Manage episode 247334901 series 1271355
CCR Attorney Brings GTMO Cases To Highest International Court
The International Criminal Court was established in 1998 and began sitting in 2002. To date there are 123 countries who have ratified the Rome Statute that created the ICC and participate in it.
The role of the ICC is to bring to justice the world’s worst crimes known to humankind – war crimes, crimes against humanity, and genocide. The United States of America is not one of the 123 countries who participate in this International Court. But it can still be investigated and tried if the crimes it commits were committed in one of the 123 countries.
Guest – Attorney Katherine Gallagher, senior attorney at The Center for Constitutional Rights will be appearing before the ICC in the Hague in Holland on December 4, 2019. Attorney Gallagher will be representing two men currently being held and indefinitely detained in the US offshore prison camp in Guantánamo Cuba. Katherine works on universal jurisdiction and international criminal law cases involving U.S. and foreign officials and torture and other war crimes, and cases involving private military corporations and torture at Abu Ghraib. Her major cases include Al Shimari v. CACI, the international U.S. torture accountability cases, and Survivors Network of those Abused by Priests (SNAP) v. Vatican, seeking accountability for the crimes against humanity of sexual violence by clergy and cover-up.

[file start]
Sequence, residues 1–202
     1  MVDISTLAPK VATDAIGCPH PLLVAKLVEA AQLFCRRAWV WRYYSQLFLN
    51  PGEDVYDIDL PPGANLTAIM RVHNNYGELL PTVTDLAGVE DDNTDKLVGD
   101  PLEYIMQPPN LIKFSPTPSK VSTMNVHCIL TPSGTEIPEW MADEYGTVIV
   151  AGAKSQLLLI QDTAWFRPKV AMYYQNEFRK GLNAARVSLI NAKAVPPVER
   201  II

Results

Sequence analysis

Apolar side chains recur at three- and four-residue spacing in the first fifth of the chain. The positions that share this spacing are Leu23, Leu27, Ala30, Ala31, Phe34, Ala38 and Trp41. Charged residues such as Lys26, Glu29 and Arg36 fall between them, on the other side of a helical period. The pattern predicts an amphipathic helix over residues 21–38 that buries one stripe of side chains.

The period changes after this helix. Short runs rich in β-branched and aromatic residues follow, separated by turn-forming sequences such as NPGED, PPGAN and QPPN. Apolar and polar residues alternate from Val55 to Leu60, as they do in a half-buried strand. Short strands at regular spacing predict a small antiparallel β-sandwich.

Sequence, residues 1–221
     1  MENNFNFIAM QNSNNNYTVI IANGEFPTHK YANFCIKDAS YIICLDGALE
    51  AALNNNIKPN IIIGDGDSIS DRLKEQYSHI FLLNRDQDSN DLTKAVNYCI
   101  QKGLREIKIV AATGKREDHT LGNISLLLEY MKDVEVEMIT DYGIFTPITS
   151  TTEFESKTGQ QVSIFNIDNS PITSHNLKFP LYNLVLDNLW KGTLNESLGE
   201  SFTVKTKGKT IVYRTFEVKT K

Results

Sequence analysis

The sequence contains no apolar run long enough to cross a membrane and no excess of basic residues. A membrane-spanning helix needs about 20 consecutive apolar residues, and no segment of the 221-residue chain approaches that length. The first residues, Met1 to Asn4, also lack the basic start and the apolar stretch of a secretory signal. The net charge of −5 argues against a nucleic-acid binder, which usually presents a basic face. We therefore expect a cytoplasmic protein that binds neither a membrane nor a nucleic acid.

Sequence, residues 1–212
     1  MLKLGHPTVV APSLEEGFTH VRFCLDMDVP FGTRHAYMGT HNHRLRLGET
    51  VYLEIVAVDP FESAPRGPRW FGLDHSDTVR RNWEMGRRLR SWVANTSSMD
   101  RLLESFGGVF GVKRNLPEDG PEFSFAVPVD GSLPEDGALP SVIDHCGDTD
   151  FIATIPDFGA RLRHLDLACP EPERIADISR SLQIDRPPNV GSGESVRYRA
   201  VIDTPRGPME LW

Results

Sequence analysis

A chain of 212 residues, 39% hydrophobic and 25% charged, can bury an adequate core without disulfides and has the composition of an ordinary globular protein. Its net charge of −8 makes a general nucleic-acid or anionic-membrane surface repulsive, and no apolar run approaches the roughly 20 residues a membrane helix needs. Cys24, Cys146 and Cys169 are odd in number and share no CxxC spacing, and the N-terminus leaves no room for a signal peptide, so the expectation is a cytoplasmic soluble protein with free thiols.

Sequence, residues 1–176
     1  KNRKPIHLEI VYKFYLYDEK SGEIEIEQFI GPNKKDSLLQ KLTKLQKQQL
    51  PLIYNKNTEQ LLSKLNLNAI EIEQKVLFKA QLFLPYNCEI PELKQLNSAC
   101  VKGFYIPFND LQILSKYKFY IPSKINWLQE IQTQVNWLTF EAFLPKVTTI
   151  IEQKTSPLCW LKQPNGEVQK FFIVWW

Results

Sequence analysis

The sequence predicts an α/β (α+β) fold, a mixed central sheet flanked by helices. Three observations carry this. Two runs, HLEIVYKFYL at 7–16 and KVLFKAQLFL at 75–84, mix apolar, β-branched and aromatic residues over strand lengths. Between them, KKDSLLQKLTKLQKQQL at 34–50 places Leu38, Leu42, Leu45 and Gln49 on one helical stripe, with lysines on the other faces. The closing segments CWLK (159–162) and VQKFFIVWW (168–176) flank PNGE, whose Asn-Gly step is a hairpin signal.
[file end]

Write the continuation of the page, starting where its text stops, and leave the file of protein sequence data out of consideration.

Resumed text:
In Defense of Julian Assange Book Launch
Margaret Kunstler, Aaron Mate, Nathan Fuller, Amy Goodman, and Barry Pollack spoke about the wrongly prosecuted Julian Assange on the occasion of the recent publication by OR Books of In Defense of Julian Assange composed of 39 authors offering a range of insights and perspectives. The event on November 21, 2019 took place at the home of the late Michael Ratner, Assange’s former attorney. We hear from Margaret Kunstler, Barry Pollack, Nathan Fuller and Amy Goodman.